What Is FAME?
Fatty Acid Methyl Ester (FAME) is the chemical name for Biodiesel. This is manufactured to the EN 14214 specification.
The EN590 specification allows for up to 7% biodiesel to be blended into regular mineral diesel to reduce emissions.
EN590 is the road fuel you will typically buy for your car, van, truck or coach.
How Is FAME Made?
FAME is produced through a transesterification process involving oils and fats. Transesterification involves mixing the different fats and oils together with an alcohol and a catalyst to create a reaction.
FAME can be manufactured from waste cooking oils, animal fats, and vegetable oils. Oils such as rapeseed, palm, and sunflower are among the most common products used in the transesterification process.
Here is the scheme of the reaction process:
How Does FAME Help Cut Greenhouse Gas Emissions?
Carbon dioxide is the main greenhouse gas responsible for global warming. The biodiesel portion of road diesel is made from vegetable oil crops grown on farms.
As the plants grow, the crops absorb carbon dioxide from the atmosphere – offsetting some of the carbon dioxide emissions which are produced when you drive your car.
In this way, road diesel creates fewer carbon dioxide emissions overall than ordinary diesel.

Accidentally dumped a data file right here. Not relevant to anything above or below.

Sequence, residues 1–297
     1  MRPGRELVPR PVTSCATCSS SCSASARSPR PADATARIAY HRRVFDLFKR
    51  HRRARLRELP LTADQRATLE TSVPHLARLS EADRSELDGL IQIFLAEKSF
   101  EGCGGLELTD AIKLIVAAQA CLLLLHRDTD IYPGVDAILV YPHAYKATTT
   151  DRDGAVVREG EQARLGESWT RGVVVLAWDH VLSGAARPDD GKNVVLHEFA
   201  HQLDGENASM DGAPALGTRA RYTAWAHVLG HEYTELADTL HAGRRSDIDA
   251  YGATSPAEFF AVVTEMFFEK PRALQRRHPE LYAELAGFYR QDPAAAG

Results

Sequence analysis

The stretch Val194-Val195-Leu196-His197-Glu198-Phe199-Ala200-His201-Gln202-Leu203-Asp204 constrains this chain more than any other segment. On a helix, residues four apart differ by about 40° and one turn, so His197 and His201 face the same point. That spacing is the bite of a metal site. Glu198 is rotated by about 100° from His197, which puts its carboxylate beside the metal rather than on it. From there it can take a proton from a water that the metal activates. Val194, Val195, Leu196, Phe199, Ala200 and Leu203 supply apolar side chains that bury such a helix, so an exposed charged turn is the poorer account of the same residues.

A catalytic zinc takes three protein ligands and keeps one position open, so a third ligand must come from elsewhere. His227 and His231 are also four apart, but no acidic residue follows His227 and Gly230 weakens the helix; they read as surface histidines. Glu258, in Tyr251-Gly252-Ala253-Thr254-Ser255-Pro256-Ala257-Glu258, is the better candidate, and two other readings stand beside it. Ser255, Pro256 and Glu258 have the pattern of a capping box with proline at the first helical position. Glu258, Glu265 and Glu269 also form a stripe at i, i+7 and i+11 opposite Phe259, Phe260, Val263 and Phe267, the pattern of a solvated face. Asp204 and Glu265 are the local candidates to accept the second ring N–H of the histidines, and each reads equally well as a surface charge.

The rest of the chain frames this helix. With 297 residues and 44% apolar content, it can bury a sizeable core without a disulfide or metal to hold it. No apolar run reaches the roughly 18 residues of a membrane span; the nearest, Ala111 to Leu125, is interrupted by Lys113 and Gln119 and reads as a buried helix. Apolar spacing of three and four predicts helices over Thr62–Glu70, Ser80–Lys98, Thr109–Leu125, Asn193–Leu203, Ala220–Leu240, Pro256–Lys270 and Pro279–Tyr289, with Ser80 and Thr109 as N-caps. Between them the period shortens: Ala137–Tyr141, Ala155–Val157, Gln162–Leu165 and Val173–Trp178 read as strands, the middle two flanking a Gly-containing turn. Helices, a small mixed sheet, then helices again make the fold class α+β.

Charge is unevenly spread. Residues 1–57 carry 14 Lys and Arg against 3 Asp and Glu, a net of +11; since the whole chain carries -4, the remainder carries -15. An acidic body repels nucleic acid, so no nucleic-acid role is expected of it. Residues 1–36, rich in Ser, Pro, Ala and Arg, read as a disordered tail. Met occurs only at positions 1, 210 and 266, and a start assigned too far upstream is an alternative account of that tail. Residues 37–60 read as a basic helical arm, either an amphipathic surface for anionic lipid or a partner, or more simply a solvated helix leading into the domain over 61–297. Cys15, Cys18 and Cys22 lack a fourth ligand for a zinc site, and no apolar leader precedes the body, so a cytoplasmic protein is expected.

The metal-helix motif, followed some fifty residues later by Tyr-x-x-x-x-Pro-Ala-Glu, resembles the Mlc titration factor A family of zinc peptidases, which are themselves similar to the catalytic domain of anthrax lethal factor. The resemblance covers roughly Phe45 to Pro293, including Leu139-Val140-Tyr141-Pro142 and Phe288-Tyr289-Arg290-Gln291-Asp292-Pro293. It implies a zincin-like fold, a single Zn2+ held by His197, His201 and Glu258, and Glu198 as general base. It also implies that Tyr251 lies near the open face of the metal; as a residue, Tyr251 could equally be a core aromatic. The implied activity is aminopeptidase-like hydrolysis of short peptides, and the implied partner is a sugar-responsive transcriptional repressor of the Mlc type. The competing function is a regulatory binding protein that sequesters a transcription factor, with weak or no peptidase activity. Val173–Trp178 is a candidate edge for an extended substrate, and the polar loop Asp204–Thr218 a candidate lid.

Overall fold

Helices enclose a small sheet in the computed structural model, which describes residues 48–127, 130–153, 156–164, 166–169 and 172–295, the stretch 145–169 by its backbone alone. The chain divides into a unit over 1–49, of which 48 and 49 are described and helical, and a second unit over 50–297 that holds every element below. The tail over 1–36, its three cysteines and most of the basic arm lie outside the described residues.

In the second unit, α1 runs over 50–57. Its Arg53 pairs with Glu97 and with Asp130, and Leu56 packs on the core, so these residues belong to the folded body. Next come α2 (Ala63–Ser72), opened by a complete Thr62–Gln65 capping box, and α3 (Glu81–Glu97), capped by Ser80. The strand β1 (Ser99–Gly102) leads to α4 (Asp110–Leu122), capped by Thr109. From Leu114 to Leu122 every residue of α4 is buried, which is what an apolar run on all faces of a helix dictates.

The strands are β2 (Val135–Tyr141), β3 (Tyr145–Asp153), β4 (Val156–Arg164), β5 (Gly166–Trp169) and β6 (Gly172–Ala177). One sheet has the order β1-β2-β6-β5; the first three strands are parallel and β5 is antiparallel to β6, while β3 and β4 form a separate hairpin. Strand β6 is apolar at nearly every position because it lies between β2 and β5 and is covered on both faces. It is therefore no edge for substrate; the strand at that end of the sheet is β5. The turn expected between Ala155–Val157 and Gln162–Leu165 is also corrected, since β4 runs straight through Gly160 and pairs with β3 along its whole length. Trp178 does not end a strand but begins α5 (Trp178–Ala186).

We reduce greenhouse gas emissions even further by offsetting all of our delivery mileage. This is by attaching carbon credits generated through investment in greenhouse gas reduction projects.
How Does FAME Content Cause Contamination in Diesel?
Biodiesel is a hygroscopic substance, which means that it attracts a lot more moisture than regular mineral diesel. The increase in water content intensifies the risk of bacteria and diesel bugs forming and spreading.
For some industries, it is imperative that their product is FAME free to avoid any issues, including standby power applications where the fuel may be stored for extended time periods.
How Can I Prevent Contamination from FAME?
It is important the fuel storage tank is regularly drained of water to prevent any contamination issues occurring.
Some of the most common signs of fuel contamination are:
- Discolouration of fuel – it will turn hazy or cloudy
- Problems with your engine or equipment after adding fuel
- Blocked fuel filters
- Possible corrosion of the fuel tank
If you notice any of these, then it is important that you get your fuel analysed as quickly as possible.
For more information about FAME content in biofuel, give us a call on 0845 271 7007 and one of our experts will answer all of your questions.